is one of the most well known German automotive manufacturers in the world. The
brand has been around since the
tracing its lineage back to 1916, though it didn’t release its first motorcycle
until 1923 and its first car until 1928. While most recognize the logo
when they see it, when did this iconic brand make its way across the pond to
take a look at the history of BMW in the United States and where it might go in
1956 — Introducing BMW to the U.S.
first started selling its cars in the United States in 1956. At the time,
however, if you wanted to bring home a piece of this German engineering, you
had to have it shipped from overseas. Still, that didn’t stop dedicated BMW
fans from seeking out models like the Isetta 300 Motocoupe from Europe.
Austrian-born car dealer named Max Hoffman bought the rights to sell BMWs and
other imported cars in the U.S. in 1954, though it didn’t do him much good
until 1962 when the 02 Series started to become popular. BMWs have been a significant
part of American automotive history since then, but that was where the story started,
not where it ended.
1975 — The First U.S.-Based Dealership
was one of the most significant years for BMW in the U.S., as it marked the
opening of the brand’s first dealership on this side of the pond after buying
back the distribution rights from Hoffman. While its first entrants into the
automotive market weren’t well-received — especially when overshadowed by the
oil crisis of the early 1970s — once the brand started getting its foot in the
door, it took off with a vengeance.
1994, BMW opened a manufacturing plant in Greer, South Carolina, making it the
brand’s first factory in the United States. In 2016, BMW was the 12th
highest-selling vehicle in the States, primarily due to the number of cars it was capable
of assembling domestically. Today, the Spartanburg plant produces half a dozen
models, including the X3, X4, X5, X6 and X7 SUVs, and is capable of completing
more than 1,500 vehicles every single day.
The Future of BMW in America
is one stalwart brand that is always changing and evolving with the
it might be too early to tell where the future of this company lies, one thing
is certain — the U.S. automotive market would be a vastly different place
if a single car salesman named Max Hoffman hadn’t purchased BMW’s distribution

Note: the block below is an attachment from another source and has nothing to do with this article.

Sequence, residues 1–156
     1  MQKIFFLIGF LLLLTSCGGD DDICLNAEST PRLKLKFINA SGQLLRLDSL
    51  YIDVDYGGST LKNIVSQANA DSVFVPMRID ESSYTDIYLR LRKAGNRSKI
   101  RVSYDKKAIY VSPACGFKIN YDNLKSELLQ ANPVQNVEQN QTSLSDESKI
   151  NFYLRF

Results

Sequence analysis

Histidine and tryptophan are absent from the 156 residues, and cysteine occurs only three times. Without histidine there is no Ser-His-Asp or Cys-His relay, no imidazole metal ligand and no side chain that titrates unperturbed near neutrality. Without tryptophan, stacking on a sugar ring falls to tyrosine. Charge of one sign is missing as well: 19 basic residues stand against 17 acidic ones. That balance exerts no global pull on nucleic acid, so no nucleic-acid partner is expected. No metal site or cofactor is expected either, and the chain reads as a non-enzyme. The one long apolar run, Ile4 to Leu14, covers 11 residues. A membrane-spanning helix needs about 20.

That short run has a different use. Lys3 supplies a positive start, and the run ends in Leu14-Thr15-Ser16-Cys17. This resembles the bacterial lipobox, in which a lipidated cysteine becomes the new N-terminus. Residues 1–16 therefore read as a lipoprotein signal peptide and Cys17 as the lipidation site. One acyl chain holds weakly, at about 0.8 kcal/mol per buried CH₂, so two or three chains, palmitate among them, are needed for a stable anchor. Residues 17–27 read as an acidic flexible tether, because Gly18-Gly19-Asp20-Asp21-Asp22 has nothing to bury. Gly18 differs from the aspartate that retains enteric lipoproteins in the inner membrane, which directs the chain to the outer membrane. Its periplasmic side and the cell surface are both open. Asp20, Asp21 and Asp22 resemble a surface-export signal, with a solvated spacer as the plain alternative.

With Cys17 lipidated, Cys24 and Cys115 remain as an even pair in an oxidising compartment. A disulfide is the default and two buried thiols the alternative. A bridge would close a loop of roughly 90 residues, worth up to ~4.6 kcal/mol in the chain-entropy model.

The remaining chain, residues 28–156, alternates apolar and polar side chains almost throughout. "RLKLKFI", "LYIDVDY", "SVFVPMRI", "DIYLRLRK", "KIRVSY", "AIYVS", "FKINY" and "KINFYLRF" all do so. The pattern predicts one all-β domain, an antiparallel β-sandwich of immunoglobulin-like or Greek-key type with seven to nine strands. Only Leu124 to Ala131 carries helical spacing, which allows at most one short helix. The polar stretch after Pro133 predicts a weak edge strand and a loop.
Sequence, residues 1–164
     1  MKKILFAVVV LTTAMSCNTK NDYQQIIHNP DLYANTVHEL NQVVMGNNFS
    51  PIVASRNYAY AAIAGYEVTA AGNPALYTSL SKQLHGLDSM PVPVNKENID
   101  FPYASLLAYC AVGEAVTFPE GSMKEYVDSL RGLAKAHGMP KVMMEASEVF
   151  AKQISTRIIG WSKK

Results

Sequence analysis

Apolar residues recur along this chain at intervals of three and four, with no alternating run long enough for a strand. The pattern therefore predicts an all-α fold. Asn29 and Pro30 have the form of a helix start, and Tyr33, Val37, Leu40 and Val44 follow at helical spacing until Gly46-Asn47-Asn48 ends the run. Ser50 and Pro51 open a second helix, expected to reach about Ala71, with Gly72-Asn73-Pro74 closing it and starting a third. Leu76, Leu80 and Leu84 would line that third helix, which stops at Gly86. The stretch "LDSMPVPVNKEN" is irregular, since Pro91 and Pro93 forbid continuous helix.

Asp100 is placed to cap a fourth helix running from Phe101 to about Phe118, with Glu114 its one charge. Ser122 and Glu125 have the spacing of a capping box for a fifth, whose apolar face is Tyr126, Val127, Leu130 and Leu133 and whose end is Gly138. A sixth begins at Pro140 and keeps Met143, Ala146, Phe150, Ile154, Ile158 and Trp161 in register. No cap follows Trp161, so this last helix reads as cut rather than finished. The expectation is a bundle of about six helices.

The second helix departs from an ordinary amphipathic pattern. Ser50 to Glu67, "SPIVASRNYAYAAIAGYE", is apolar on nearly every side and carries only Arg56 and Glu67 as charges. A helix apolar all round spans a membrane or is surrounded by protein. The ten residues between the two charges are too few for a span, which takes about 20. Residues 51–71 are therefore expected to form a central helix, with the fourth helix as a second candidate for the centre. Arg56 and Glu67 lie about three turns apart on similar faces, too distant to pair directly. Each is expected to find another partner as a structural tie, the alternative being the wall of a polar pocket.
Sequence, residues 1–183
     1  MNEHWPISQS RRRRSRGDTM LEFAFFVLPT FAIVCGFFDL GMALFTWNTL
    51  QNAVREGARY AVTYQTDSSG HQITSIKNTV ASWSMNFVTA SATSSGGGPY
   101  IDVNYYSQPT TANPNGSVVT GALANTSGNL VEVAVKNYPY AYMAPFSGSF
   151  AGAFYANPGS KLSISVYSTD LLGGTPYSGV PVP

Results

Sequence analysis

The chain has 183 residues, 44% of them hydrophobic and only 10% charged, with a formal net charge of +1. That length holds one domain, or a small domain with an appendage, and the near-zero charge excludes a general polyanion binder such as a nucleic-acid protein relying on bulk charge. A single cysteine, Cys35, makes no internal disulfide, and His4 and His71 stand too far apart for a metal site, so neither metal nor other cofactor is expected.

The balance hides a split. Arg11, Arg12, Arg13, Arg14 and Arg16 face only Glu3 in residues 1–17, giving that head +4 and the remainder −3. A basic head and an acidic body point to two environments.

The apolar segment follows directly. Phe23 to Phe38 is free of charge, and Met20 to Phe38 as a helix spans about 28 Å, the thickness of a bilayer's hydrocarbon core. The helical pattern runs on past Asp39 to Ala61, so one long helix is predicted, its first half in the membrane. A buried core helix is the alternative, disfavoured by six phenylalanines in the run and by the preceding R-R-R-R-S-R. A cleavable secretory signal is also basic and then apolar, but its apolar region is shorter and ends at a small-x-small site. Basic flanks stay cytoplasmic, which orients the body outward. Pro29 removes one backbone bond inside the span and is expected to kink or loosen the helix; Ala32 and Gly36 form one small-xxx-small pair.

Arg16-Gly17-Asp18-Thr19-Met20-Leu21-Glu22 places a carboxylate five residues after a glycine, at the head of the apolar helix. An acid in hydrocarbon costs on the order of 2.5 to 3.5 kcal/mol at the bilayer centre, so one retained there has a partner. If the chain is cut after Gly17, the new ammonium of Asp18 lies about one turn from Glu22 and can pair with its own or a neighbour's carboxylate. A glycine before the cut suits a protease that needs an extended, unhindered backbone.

rights back in the 1950s. He was the man who showed us what BMW was and what it
could be. While people may not have flocked to earlier models in decades
past, these cars might not have made it to America otherwise.
are more than 35,000
the United States, and these attractions showcase everything from art and
history to science, engineering and more. Car museums are popular with
automotive lovers because it gives us a chance to experience the history of our
to cruise to one of the best automotive museums in the USA? Discover the eight
top picks below.
1. Blackhawk Auto Museum in Danville, CA
Blackhawk Museum offers one of the best collections of classic cars on the Pacific coast. From
a beautifully restored 1937 Rolls-Royce Phantom III to an 1886 Benz Patent
Motorwagen, the museum is a must-visit for anyone who loves learning about
antique cars and where the industry started.
2. The Revs Institute in Naples, FL
you’re ever in Naples, make a point to stop at the Revs Institute. It’s home to
one of the largest archives
of automotive history in the country, and available for both professionals and casual car
lovers to peruse. Check out the 1938 BMW Type 328, complete with a six-cylinder
in-line engine. In addition to automobiles, the Revs Institute is home to rare
books, photographs and other documents that showcase the history of the
3. Peterson Automotive Museum in Los Angeles, CA
see the Peterson Automotive Museum from a distance. Its unique flowing steel
exterior resembles flames, one of the most distinctive designs on the list.
Once you’re inside, you’ll want to spend the entire day exploring the 25
galleries with more than 100
including gems like a 1939 Porsche 64 — one of two ever made.
4. The Henry Ford Museum of American Innovation in
you ever stop in Dearborn, Michigan, don’t forget to visit the Henry Ford
Museum of American Innovation. In addition to their permanent displays, they
have a series of ever-changing exhibits that focus on everything
from model trains to visions of the future. Learn how Henry Ford’s innovations
are still influencing the world today.
5. Don Garlits Museum of Drag Racing in Ocala, FL
Florida, is a tiny town known for its horses. However, it’s also home to one of
the best drag racing museums in the country. If you like the sport, Don Garlits
Museum of Drag Racing should be on your bucket list. They’ve got more than 300
spread between two buildings. The average tour takes around three hours, but
you’ll want to spend all day exploring history.
6. Antique Automobile Club of America Museum in
people associate Hershey, Pennsylvania with chocolate. However, it’s also home
to one of the greatest
collections of antique cars in the country. Get a glimpse into how manufacturers make cars with
the Assembly Line Experience. You can also try a Disney Cars-themed scavenger hunt
with the kiddos. When done, pop over to Hershey’s factory for some chocolate!
7. Indianapolis Motor Speedway Hall of Fame Museum
in Indianapolis, IN
you’re a car-lover, make a pit stop at the Racing Capital of the World — the
Indianapolis Motor Speedway. It’s collection focuses primarily on the history of
the Indianapolis 500, but it also features all sorts of different vehicles, including
NASCAR, Formula 1, and motorcycle racing.
8. America’s Car Museum in Tacoma, WA
America’s Car Museum is located next to the iconic Tacoma Dome in Washington and contains an impressive collection of cars. Most of the collection in the facility, more than 350 vehicles, was donated by the family of Harold LeMay. After his death, the City of Tacoma donated the museum’s land.